What a surprise. The ECB is now signaling it will delay the periphery bond purchases that everyone is waiting for.
Bloomberg: - European Central Bank President Mario Draghi may wait until Germany’s Constitutional Court rules on the legality of Europe’s permanent bailout fund before unveiling full details of his plan to buy government bonds, two central bank officials said.Is this the excuse they are coming up with? Germany’s Constitutional Court is widely expected to approve the ESM, even if it decides to attach some strings to ESM's implementation. But now the ECB's decision is somehow tied to that approval? The reality is that there simply is no agreement on the asset purchase plan. The detail has not been worked out and the ECB is buying time.
With the court set to rule on Sept. 12, investors looking for Draghi to announce a definitive purchase program at his Sept. 6 press conference might be disappointed, according to the officials, who spoke on condition of anonymity because the deliberations are not public. The program is still being worked on and staff may not be able to finalize it by then, said the officials, who are familiar with thinking on the ECB Governing Council. An ECB spokesman in Frankfurt declined to comment.
Bloomberg: - While Draghi is likely to give a progress report on the bond plan after the Sept. 6 rate decision, the ultimate design of the ECB’s program may depend on the uncertainty over the permanent bailout fund being resolved, so the officials said it makes sense to wait for the German ESM court ruling.Here is JPMorgan's take on the delay:
Full details of the ECB’s plan could be a month away, they said. While the Bundesbank opposes ECB bond purchases, it expects to be outvoted, one of the officials said.
JPM: - We regard [waiting for German Constitutional Court decision] as something of a smokescreen. Very few think there is a high probability that the German Constitutional Court will deem the ESM unconstitutional and prevent its progress into law at this stage. While the Court may express some misgivings about the legislation and suggest modifications as it is put into practise, it is most unlikely to be blocked. We would not expect the ECB to delay its actions on the basis on what remains a low probability event at this stage. Rather, we would expect them to take the German Government at its word that it can deliver on the political undertakings it has made, until it discovers otherwise.How many times have we seen this scenario play out? The Eurozone leadership declares that it has the ultimate solution that ends up failing at the implementation stage. This certainly feels like one of those situations. Here is the "revised" chain of Eurozone events (discussed earlier).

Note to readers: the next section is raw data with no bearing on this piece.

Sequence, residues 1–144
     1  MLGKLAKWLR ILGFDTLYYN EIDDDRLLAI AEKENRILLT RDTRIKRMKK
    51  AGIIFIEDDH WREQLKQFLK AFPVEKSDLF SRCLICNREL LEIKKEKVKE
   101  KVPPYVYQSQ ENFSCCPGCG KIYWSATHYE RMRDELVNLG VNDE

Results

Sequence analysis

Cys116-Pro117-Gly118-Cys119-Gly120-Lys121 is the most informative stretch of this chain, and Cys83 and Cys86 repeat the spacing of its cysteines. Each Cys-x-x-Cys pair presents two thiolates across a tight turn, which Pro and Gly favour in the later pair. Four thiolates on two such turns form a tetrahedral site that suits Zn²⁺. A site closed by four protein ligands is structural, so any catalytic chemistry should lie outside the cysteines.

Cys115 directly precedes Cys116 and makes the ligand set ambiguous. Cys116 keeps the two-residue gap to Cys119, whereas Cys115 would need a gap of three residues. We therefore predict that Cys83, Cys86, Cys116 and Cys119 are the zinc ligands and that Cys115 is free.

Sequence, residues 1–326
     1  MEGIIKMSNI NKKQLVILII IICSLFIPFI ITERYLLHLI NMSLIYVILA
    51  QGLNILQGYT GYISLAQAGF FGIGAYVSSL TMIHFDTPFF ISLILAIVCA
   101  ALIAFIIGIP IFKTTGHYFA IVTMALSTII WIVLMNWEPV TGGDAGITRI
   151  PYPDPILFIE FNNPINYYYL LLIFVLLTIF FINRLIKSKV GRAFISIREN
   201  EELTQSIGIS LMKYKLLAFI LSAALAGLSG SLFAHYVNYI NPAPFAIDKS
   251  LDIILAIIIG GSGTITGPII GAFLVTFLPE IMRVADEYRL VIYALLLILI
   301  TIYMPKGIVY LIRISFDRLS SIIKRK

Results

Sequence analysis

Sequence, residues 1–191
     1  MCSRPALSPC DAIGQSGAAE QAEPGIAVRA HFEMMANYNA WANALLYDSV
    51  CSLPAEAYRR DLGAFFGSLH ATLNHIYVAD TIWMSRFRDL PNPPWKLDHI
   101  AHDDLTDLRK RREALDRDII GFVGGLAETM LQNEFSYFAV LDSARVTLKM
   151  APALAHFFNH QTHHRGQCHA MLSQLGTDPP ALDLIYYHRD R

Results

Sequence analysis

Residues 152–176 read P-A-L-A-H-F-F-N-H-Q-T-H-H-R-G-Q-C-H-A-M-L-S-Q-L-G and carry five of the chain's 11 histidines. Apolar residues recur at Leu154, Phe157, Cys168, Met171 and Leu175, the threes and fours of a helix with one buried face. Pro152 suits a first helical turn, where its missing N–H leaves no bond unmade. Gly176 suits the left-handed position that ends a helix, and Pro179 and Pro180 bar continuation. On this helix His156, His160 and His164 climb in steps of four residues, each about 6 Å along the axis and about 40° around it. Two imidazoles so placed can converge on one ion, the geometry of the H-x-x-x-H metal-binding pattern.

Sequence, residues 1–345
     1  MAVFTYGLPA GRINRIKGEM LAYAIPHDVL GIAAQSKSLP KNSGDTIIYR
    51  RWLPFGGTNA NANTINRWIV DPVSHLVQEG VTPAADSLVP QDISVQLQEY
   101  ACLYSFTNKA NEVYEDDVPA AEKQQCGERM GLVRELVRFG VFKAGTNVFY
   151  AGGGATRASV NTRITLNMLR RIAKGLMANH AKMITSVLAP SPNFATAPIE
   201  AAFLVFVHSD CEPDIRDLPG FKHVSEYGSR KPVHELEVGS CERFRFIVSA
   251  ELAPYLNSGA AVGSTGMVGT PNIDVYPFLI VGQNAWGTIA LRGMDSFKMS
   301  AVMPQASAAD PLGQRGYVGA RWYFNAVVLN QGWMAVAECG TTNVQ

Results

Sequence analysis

The “excuse” of the ruling on September 12 only has any substance to the extent that [the ECB is not ready with the asset purchase plan] is true – that work on the design of the plan is incomplete. The idea that work “is not complete” may also be a euphemism for the fact agreement on the contours of the policy is proving elusive. Even allowing for the summer break in August, an institution with the resources of the ECB has the ability to complete the technical issues in policy design over the period between meetings if it is minded too. Draghi has already “played for time” once with his sketch of policies still to be designed at the last meeting. Ultimately, we suspect Draghi and others at the ECB will recognise that continued delay in finalising its policy decisions contributes to the sense that opinion on the Governing Council is deeply divided, and hence its commitment to any policy intervening in markets will not run deep. That, in turn, could undermine the effectiveness of policy interventions themselves.